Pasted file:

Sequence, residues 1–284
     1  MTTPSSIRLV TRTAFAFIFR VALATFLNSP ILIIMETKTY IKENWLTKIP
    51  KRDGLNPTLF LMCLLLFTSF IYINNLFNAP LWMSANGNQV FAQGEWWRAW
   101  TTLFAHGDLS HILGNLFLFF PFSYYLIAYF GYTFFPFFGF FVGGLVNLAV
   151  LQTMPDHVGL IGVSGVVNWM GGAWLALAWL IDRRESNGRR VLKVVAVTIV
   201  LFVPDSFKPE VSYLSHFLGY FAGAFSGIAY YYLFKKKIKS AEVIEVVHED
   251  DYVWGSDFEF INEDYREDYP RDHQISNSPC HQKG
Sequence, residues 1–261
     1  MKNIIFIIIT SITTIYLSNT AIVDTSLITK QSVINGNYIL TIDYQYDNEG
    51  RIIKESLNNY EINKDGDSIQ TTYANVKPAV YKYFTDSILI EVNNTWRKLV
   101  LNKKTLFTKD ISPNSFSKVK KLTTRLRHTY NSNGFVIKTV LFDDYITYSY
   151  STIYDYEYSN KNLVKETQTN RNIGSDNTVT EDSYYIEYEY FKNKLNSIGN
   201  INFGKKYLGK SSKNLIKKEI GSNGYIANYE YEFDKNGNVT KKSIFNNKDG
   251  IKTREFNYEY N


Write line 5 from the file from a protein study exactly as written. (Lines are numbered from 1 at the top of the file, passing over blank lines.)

   151  LQTMPDHVGL IGVSGVVNWM GGAWLALAWL IDRRESNGRR VLKVVAVTIV